padding: 14px;
  
  /* Fixed line height */
  line-height: 24px;
  
  /* Use repeating-linear-gradient for background image */
  background-image: repeating-linear-gradient(
      180deg,
      #eee 0px,
      #eee 24px,
      #fff 24px,
      #fff 48px);

  /* Offset the background along the y-axis by top padding */
  background-position: 0 14px;
}
<pre>
.header-inner {
width: 1200px;
margin: 0 auto;
text-align: center;
font-size: 24px;
font-family: 'lato', sans-serif;
}
</pre>

-2

As mentioned by other you can use linear gradiant

pre {
  font-size: 20px;
  border: 2px solid grey;
  width: 450px;
  border-left: 12px solid green;
  border-radius: 5px;
  padding: 14px;
  background-color: #2f2f2f;
  background-image: -webkit-repeating-linear-gradient(top, #444 0px, #444 22px, #2f2f2f 22px, #2f2f2f 44px);
  background-image: -moz-repeating-linear-gradient(top, #444 0px, #444 22px, #2f2f2f 22px, #2f2f2f 44px);
  background-image: -ms-repeating-linear-gradient(top, #444 0px, #444 22px, #2f2f2f 22px, #2f2f2f 44px);
  background-image: -o-repeating-linear-gradient(top, #444 0px, #444 22px, #2f2f2f 22px, #2f2f2f 44px);
  background-image: repeating-linear-gradient(top, #444 0px, #444 22px, #2f2f2f 22px, #2f2f2f 44px);
  padding: 0em 1em;
  white-space: pre-wrap;
  word-wrap: break-word;
}
<pre>
.header-inner {
width: 1200px;
margin: 0 auto;
text-align: center;
font-size: 24px;
font-family: 'lato', sans-serif;
}
</pre>

Simple approach,

$("pre").html(function (index, html) {
    return html.replace(/^(.*)$/mg, "<span class=\"line\">$1</span>")
});
pre {
  counter-reset: line-numbering;
  background: #2c3e50;
  padding: 12px 0px 14px 0;
  width: 600px;
  color: #ecf0f1;
  line-height: 100%;
}

pre .line::before {
  content: counter(line-numbering);
  counter-increment: line-numbering;
  padding-right: 1em;
  /* space after numbers */
  padding-left: 8px;
  width: 1.5em;
  text-align: right;
  opacity: 0.5;
  color: white;
}
<script src="https://ajax.googleapis.com/ajax/libs/jquery/2.1.1/jquery.min.js"></script>
<pre>
.header-inner {
width: 1200px;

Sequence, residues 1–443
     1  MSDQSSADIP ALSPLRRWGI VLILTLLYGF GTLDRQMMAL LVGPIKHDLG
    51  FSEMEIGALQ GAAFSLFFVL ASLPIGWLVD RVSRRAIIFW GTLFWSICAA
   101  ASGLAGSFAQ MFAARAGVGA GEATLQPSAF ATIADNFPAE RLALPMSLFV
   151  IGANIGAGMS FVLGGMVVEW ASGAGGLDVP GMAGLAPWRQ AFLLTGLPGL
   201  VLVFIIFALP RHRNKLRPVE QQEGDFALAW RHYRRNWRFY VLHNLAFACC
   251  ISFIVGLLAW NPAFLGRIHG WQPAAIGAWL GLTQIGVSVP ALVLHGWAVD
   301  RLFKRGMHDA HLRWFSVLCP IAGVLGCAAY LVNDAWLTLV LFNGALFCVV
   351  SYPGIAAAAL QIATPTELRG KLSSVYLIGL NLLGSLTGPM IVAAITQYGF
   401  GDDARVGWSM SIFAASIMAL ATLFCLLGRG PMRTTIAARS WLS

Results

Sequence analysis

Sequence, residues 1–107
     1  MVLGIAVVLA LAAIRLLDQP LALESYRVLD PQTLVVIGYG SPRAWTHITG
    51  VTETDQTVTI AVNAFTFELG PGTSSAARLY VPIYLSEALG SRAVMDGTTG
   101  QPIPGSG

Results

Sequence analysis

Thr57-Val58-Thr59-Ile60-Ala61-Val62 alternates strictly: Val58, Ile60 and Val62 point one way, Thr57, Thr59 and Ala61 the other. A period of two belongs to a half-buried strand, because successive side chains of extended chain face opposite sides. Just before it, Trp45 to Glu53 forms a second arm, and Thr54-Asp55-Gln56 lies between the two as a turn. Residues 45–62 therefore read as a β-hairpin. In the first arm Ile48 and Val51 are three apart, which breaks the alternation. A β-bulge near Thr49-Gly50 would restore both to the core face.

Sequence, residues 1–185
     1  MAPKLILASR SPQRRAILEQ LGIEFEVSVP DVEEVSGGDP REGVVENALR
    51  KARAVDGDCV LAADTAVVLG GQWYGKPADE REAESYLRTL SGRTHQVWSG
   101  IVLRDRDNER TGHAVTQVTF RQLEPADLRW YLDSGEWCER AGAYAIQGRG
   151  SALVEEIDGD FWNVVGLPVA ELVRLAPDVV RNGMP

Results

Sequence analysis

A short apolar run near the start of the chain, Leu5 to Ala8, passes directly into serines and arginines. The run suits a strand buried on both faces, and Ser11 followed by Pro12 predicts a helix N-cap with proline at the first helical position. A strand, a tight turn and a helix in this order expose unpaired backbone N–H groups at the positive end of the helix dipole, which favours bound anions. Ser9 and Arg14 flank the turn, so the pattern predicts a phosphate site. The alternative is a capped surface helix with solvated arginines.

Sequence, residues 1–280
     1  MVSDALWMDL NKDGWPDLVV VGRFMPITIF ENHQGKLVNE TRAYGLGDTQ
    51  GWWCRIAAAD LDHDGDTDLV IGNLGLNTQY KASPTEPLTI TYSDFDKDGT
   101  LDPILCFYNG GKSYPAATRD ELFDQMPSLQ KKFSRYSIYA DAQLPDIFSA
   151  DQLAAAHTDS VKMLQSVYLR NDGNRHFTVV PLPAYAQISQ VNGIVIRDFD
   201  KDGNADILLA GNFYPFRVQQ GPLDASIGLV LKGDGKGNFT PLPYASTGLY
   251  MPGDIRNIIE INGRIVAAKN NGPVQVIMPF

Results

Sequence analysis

margin: 0 auto;
text-align: center;
font-size: 24px;
font-family: 'lato', sans-serif;
}
</pre>

With line numbers,

$("pre").html(function(index, html) {
  return html.replace(/^(.*)$/mg, "<span class=\"line\">$1</span>")
});
pre {
  counter-reset: line-numbering;
  background: #2c3e50;
  font-size: 20px;
  border: 2px solid grey;
  width: 450px;
  border-left: 12px solid green;
  border-radius: 5px;
  padding: 14px;
  background-color: #2f2f2f;
  background-image: -webkit-repeating-linear-gradient(top, #444 0px, #444 22px, #2f2f2f 22px, #2f2f2f 44px);
  background-image: -moz-repeating-linear-gradient(top, #444 0px, #444 22px, #2f2f2f 22px, #2f2f2f 44px);
  background-image: -ms-repeating-linear-gradient(top, #444 0px, #444 22px, #2f2f2f 22px, #2f2f2f 44px);
  background-image: -o-repeating-linear-gradient(top, #444 0px, #444 22px, #2f2f2f 22px, #2f2f2f 44px);
  background-image: repeating-linear-gradient(top, #444 0px, #444 22px, #2f2f2f 22px, #2f2f2f 44px);
  padding: 0em 1em;
  white-space: pre-wrap;
  word-wrap: break-word;
}

pre .line::before {
  content: counter(line-numbering);
  counter-increment: line-numbering;
  padding-right: 1em;
  /* space after numbers */
  padding-left: 8px;
  width: 1.5em;
  text-align: right;
  opacity: 0.5;
  color: white;
}
<script src="https://ajax.googleapis.com/ajax/libs/jquery/2.1.1/jquery.min.js"></script>
<pre>
.header-inner {
	width: 1200px;
	margin: 0 auto;
	text-align: center;
	font-size: 24px;
	font-family: 'lato', sans-serif;
}
</pre>

1
  • 1
    #2f2f2f is so dark you can't see the text... Try Run code snippet.
    – jww
    Commented Apr 8, 2018 at 18:57